Thirst makes an incredible amount of whiplash-inducing shifts in tone throughout its length. From an elliptical meditation on sin and death, to bizarre comedy of manners, to low-key horror film, to doomed romance, we are taken through one man’s journey into a moral void. In a way, this is a distilled version of Park’s vengeance trilogy work, where he takes an ordinary person and twists their moral compass until they are driven to committing terrible acts. In this film, the priest sees himself as a monster, but is still driven to justify his actions, until he realises there is no way out. The astounding final scene ranks as one of the most straight-up cinematic moments of this year, utilising Park’s gift for visual invention in the service of a devastating emotional gut-punch.

Le Donk and Scor-Zay-Zee

Dir. Shane Meadows (UK, 2009)

71 minutes

Coming off the success of This Is England, Shane Meadows’ follow-up may seem deliberately slight. The fact is, this low-budget mockumentary about a roadie (Paddy Considine) with big dreams for his Nottingham rapper protégé is the best comedy of the year. Reaching almost Spinal Tap heights of hilarity, it still has some touching moments and a nice message about creative ambition. For anyone who’s only seen Considine in scarily intense roles such as Dead Man’s Shoes, it’ll be surprising to see him give such a relaxed comic performance. The whole film has a loose, semi-improvised feel, taking in the low-rent triumphs and disasters of taking a show on the road.

Despite his ramshackle charm, Considine terribly towards rapper Scor-Zay-Zee (Dean Palinczuk), pushing him to the side to gain attention from documentary-maker “Shane Meadows” (plays by the real-life Meadows) in scenes that skirt Alan Partridge/The Office levels of awkwardness. Nevertheless, all comes good in the end, and Meadows’ soft spot for the outside allows a feel-good finish. (And a credits sequence where Considine tells the Arctic Monkeys a yarn about having sex with a transvestite.)

The Hurt Locker

Dir. Kathryn Bigelow (US, 2009)

131 minutes

Kathryn Bigelow’s The Hurt Locker is a thrillingly intense, nightmarish exploration of the insanity of combat and the damage done to occupants of a war zone. While carrying little in the way of an obvious “message” – most of the film is a disconnected montage of scenes showing a bomb disposal unit going about their day-to-day business – The Hurt Locker has more to say on the business of war and its effects than the pious, self-important films that have tried to deal with Iraq over the last few years.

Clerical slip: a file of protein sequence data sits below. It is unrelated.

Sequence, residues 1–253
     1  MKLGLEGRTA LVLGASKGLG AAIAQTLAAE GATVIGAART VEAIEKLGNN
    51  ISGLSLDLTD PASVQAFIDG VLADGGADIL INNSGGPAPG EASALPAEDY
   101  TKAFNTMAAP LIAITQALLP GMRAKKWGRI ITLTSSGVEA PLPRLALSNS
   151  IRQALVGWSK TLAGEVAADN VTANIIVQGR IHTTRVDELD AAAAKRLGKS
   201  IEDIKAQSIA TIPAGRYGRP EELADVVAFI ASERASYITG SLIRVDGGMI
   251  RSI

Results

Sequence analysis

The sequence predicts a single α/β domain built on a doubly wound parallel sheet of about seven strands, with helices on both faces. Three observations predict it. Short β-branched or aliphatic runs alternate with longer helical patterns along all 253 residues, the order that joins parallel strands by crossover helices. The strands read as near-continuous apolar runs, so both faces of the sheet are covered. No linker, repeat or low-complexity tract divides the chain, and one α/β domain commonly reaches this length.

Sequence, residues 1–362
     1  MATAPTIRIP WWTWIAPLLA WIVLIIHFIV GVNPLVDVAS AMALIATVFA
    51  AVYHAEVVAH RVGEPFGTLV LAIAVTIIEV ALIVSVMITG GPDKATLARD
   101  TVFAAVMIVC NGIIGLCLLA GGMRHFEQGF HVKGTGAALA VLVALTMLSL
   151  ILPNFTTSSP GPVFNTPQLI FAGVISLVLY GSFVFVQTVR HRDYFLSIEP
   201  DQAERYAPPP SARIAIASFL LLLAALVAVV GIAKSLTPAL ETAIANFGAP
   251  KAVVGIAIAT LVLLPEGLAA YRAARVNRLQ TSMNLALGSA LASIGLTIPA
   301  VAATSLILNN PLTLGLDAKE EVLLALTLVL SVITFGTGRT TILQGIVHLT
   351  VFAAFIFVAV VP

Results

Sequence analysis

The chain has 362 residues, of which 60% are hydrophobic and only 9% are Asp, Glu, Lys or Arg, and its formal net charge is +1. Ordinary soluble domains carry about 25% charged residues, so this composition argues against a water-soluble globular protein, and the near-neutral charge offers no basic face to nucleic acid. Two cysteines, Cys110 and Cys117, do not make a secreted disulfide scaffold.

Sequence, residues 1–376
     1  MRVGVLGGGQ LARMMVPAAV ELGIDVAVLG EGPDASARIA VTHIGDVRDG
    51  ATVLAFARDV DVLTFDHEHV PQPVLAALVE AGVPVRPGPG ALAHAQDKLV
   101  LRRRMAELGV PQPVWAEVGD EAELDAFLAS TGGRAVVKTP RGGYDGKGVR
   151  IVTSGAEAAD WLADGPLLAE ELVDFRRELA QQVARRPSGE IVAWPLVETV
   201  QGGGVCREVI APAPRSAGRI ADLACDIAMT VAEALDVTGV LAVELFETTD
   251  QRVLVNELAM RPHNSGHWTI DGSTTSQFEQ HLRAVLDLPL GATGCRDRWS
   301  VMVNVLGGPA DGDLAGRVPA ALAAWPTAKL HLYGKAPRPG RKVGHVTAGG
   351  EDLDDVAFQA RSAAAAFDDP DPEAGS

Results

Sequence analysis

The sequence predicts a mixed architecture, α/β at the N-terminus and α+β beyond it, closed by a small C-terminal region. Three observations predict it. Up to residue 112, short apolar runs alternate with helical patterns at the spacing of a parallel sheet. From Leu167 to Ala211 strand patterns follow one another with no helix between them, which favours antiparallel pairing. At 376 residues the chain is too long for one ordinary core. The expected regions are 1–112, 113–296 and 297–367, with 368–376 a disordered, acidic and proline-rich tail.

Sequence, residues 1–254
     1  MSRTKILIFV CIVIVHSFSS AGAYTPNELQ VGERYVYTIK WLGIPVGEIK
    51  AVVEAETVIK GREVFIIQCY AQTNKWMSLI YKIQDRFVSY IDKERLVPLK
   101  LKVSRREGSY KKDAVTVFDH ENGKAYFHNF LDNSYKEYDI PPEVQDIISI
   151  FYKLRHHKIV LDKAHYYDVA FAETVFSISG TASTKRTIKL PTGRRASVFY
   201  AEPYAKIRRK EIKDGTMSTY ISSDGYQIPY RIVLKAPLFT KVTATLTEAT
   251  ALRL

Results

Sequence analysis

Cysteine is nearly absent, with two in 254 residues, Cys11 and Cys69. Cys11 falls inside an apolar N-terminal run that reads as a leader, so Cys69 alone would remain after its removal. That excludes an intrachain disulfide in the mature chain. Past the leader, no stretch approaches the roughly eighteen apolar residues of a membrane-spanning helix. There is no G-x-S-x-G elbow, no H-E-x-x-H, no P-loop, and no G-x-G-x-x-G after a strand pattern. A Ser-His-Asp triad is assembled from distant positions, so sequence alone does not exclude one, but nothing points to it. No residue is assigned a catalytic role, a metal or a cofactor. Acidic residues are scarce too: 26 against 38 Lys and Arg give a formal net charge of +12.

After a brutal opening sequence showing the consequences of failure for bomb technicians, we are introduced to gung-ho Sergeant Jeremy Renner, who tries the patience of his fellow soldiers as he gets them into ever more dangerous situations. As Renner ambles towards another device clad in his heavy bomb disposal suit, tension is pushed to the breaking point by slowing down the action; while the characters are trapped in life-or-death situations, we have room to feel every moment of them. A slow-motion duel between snipers . As they encounter bombs placed in a variety of locations, from a busy intersection to a car boot to a bloodied corpse, the damage done to Iraq by jihadists and occupying troops is rendered in starkly literal terms.

The Hurt Locker is not a perfect film – Renner’s behaviour strains plausibility, and a muddled attempt at a subplot doesn’t add anything in particular. But the most jarring shift of all comes in the film’s final minutes, with a return to civilian life. And it’s here that the film’s most devastating point is made. The final shot – and the final subtitle – is a killer.

A Serious Man

Dir. Joel and Ethan Coen (US, 2009)

105 minutes

The Coen brothers’ latest is one of their more obviously philosophical outings, and their most obviously Jewish film to date. Beginning with a dramatisation of a bizarre folk tale from the old country, A Serious Man drops us into the life of academic Michael Stuhlbarg, who tries to do right by his profession, family and religion in 1960s Middle America, despite the myriad obstacles in his way.

Typically for the Coens, it’s a very handsome-looking film, with the mid-60s interiors designed to perfection, and Roger Deakins doing typically majestic work with very down-to-earth settings. Performances are uniformly great, although Stuhlbarg anchors the film as the put-upon nice guy of Hollywood cliché filtered through the Coens’ dark imaginations.

While I loved the offbeat experience of the film, others may dislike its unwillingness to give up a clear-cut message. Despite the foregrounding of different methods of inquiry into the world, the film works against any definitive answer. The convoluted equations that Stuhlbarg’s physics professor scrawls on the blackboard are as opaque as the rambling anecdotes told by the various rabbis he asks for advice, or his deadbeat brother’s strange attempts at numerology. In the end, all we can do is “embrace the mystery”.